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OBJECTIVE: Granulomatosis with polyangiitis and microscopic polyangiitis are ANCA-associated vasculitides (AAVs). The Vasculitis Damage Index (VDI) quantifies damage. This study aims to determine the factors associated with long-term damage in the AAVs. METHODS: Data from 535 patients from four European Vasculitis Study Group trials were studied. A long-term follow-up (LTFU) questionnaire at 7 years post-diagnosis was completed. The associations between baseline (age, creatinine and BVAS score) and cumulative (number of relapses and duration of glucocorticoid use) factors and damage accrued (total VDI scores and individual treatment-related damage items) during follow-up were explored. Multiple regressions identified independent associations between baseline measures, cumulative factors and VDI scores at LTFU. RESULTS: Two hundred and ninety-six patients had glucocorticoid use and VDI data available at LTFU, with the mean length of glucocorticoid use being 40.4 months (S.D. 16.7). High levels of damage were independently associated with older age at baseline (P = 0.051), lower glomerular filtration rate (P = 0.041), higher BVAS scores (P = 0.046), increased cumulative glucocorticoid use (P = 0.016) and increasing number of relapses. Patients with longer duration of glucocorticoid treatment were more likely to have a total VDI score ≥5 [odds ratio 1.26 per 12 months of glucocorticoid use (95% CI 1.03, 1.53), P = 0.022]. The main limitation is that approximately half of the patients enrolled had no LTFU data available; these patients were older with more severe initial disease. CONCLUSION: Long-term damage in the AAVs may be associated with severity of initial disease, age, number of relapses and duration of glucocorticoid use.

Original publication

DOI

10.1093/rheumatology/keu366

Type

Journal article

Journal

Rheumatology (Oxford, England)

Publication Date

03/2015

Volume

54

Pages

471 - 481

Addresses

Nuffield Department of Orthopaedics, Rheumatology and Musculoskeletal Science (NDORMs), University of Oxford, Rheumatology Department, Nuffield Orthopaedic Centre, Oxford, Department of Population Health, Norwich Medical School, Faculty of Medicine and Health Sciences, University of East Anglia, Norwich, UK, Department of Rheumatology, Auckland District Health Board, Auckland, New Zealand, Renal Department, Royal Berkshire NHS Foundation Trust, Reading, Centre for Translational Inflammation Research, School of Immunity and Infection, University of Birmingham, Birmingham, UK, Competence Centre for Clinical Research, Skane University Hospital, Lund, Sweden, Renal Department, Addenbrooke's Hospital, Cambridge, UK, Department of Internal Medicine, Hospital Saint-Louis, Paris, France and Nephrology and Transplantation, Skane University Hospital Malmo, Lund University, Malmo, Sweden. Nuffield Department of Orthopaedics, Rheumatology and Musculoskeletal Science (NDORMs), University of Oxford, Rheumatology Department, Nuffield Orthopaedic Centre, Oxford, Department of Population Health, Norwich Medical School, Faculty of Medicine and Health Sciences, University of East Anglia, Norwich, UK, Department of Rheumatology, Auckland District Health Board, Auckland, New Zealand, Renal Department, Royal Berkshire NHS Foundation Trust, Reading, Centre for Translational Inflammation Research, School of Immunity and Infection, University of Birmingham, Birmingham, UK, Competence Centre for Clinical Research, Skane University Hospital, Lund, Sweden, Renal Department, Addenbrooke's Hospital, Cambridge, UK, Department of Internal Medicine, Hospital Saint-Louis, Paris, France and Nephrology and Transplantation, Skane University Hospital Malmo, Lund University, Malmo, Sweden. joanna.robson@ndorms.ox.ac.uk.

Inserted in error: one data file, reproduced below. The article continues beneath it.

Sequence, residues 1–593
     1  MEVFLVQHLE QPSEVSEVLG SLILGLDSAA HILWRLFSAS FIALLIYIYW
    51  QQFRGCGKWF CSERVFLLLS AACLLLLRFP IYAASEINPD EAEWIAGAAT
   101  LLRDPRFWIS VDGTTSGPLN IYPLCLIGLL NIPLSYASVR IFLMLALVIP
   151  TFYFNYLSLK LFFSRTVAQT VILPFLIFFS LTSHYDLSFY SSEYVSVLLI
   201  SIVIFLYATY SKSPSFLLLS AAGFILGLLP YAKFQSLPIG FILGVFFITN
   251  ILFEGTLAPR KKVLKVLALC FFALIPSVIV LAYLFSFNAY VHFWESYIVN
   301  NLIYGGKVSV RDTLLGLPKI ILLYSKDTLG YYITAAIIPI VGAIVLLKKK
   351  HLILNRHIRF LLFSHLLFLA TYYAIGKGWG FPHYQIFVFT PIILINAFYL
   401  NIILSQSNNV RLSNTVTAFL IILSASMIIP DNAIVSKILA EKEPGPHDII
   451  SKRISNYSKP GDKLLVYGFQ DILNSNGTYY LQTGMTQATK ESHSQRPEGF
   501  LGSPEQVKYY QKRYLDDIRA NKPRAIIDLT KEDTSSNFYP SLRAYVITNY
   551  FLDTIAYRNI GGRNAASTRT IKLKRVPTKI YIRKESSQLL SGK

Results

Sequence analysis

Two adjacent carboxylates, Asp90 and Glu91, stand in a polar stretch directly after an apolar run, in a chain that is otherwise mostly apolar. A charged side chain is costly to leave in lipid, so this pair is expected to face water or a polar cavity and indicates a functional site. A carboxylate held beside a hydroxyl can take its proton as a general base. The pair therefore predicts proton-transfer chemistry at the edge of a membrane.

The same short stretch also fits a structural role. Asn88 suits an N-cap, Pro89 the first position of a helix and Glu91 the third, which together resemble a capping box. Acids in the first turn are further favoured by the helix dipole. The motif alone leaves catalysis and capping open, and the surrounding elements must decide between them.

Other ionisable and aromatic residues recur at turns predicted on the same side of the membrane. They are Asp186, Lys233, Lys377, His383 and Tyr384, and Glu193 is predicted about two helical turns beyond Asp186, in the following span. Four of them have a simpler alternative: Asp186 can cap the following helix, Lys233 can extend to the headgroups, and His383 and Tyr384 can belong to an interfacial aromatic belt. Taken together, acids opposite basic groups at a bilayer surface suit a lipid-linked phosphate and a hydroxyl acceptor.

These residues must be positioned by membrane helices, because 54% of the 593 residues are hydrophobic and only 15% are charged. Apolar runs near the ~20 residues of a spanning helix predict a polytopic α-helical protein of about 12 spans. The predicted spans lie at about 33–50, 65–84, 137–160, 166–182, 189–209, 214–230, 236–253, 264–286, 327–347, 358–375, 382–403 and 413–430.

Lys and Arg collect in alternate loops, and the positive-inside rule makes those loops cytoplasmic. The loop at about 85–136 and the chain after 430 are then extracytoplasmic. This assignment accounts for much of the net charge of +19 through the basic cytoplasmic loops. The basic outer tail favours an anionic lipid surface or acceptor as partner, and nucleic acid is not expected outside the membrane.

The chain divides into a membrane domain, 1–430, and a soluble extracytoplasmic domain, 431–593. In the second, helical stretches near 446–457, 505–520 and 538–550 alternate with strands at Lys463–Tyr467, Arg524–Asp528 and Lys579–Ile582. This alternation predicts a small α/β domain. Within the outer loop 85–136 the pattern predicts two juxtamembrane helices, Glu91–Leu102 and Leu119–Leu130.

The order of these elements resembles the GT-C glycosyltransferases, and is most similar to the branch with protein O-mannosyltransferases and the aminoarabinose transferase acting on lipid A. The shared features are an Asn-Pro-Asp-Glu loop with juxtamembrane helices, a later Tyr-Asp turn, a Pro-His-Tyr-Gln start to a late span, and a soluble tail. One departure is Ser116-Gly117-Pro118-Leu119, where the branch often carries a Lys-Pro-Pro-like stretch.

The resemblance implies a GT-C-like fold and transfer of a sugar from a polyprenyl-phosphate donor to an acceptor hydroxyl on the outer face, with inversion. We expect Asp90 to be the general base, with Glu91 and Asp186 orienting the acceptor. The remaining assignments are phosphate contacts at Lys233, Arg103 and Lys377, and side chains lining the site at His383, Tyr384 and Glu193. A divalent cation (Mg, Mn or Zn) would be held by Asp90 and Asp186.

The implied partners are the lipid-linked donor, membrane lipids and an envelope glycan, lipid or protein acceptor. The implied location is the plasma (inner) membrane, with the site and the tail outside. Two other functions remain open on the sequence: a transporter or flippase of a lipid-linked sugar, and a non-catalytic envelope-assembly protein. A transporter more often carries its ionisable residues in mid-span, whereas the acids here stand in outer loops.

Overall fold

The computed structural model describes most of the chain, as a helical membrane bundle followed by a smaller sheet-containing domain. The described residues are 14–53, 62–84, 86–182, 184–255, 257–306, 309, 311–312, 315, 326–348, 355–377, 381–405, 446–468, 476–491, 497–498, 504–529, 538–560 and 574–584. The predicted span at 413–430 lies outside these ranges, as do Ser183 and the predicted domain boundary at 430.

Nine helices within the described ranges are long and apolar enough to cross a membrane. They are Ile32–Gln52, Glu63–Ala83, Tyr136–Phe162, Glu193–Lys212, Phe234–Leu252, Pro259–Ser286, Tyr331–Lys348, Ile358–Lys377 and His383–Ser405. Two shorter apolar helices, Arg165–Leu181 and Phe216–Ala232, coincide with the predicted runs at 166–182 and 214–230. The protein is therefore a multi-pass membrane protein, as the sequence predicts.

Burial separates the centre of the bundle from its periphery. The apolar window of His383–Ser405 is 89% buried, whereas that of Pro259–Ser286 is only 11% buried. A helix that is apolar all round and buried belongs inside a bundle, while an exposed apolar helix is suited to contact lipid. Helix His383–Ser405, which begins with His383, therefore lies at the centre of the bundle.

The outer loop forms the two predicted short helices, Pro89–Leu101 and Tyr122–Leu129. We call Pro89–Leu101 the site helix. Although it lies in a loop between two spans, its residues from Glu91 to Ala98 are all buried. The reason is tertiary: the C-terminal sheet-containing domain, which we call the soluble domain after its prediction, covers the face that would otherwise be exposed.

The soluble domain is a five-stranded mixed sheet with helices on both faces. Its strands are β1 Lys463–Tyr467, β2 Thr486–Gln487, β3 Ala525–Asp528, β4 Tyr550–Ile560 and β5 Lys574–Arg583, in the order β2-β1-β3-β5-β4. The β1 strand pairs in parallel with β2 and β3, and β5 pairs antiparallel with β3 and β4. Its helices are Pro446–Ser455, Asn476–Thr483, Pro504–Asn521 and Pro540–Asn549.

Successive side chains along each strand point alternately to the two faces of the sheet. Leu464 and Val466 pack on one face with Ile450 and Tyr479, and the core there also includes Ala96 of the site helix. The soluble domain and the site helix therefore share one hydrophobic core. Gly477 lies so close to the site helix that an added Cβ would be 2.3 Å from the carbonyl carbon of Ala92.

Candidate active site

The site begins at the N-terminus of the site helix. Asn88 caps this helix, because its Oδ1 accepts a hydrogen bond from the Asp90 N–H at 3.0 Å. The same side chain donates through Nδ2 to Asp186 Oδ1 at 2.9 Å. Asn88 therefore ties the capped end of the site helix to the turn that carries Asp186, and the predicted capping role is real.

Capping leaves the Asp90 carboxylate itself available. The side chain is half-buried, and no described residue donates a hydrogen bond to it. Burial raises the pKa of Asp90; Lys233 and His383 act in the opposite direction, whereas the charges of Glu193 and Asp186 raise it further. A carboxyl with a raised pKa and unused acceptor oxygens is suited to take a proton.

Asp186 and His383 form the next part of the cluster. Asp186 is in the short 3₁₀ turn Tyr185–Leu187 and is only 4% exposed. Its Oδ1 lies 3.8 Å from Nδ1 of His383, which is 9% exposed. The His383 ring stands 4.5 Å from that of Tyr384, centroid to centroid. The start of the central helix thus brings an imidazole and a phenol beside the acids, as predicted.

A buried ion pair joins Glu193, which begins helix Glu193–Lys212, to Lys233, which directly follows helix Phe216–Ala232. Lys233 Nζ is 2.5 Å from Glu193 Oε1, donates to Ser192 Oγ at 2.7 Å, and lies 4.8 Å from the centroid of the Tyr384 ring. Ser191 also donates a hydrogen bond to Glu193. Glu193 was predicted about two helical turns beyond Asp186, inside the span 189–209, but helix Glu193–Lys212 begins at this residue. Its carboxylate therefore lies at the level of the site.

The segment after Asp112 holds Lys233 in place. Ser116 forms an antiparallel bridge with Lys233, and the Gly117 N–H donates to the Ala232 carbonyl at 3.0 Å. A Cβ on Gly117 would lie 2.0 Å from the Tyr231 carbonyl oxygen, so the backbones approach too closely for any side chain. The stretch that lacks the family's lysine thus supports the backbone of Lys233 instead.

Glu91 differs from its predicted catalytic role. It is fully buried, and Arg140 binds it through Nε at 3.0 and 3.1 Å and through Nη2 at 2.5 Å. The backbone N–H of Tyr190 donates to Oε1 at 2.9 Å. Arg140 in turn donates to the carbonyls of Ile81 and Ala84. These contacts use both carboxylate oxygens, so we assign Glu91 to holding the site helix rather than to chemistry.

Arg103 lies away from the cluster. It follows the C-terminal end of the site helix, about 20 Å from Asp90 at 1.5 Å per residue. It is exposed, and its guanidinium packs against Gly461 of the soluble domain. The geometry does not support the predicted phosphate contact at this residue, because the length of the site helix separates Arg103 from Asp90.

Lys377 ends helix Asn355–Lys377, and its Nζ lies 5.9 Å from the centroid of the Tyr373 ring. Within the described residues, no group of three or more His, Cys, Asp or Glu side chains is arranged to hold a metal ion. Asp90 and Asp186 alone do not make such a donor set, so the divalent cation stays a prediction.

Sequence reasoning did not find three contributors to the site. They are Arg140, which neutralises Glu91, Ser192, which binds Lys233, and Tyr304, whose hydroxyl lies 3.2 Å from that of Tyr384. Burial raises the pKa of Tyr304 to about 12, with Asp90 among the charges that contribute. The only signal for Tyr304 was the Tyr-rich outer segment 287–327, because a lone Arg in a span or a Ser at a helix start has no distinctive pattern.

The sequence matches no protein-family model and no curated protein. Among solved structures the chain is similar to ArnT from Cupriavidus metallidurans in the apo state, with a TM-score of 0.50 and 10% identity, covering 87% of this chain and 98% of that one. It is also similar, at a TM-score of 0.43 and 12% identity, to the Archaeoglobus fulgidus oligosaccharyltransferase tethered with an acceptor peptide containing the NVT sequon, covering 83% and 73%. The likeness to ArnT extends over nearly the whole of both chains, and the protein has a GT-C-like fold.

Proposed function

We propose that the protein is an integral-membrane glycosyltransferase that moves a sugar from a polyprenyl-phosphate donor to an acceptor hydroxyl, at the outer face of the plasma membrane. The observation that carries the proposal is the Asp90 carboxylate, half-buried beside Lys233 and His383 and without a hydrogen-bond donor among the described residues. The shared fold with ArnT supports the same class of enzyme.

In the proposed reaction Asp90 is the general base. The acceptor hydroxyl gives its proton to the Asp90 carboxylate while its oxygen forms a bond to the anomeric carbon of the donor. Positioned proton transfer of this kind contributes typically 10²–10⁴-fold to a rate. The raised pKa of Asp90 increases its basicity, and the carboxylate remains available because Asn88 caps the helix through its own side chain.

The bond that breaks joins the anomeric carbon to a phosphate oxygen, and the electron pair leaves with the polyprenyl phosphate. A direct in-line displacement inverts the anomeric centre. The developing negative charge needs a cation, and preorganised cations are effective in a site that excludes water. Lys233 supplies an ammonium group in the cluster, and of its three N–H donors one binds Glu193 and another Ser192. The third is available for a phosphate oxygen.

Keywords

Kidney, Humans, Glucocorticoids, Treatment Outcome, Severity of Illness Index, Questionnaires, Regression Analysis, Retrospective Studies, Longitudinal Studies, Follow-Up Studies, Age Factors, Dose-Response Relationship, Drug, Time Factors, Adult, Aged, Middle Aged, Female, Male, Randomized Controlled Trials as Topic, Anti-Neutrophil Cytoplasmic Antibody-Associated Vasculitis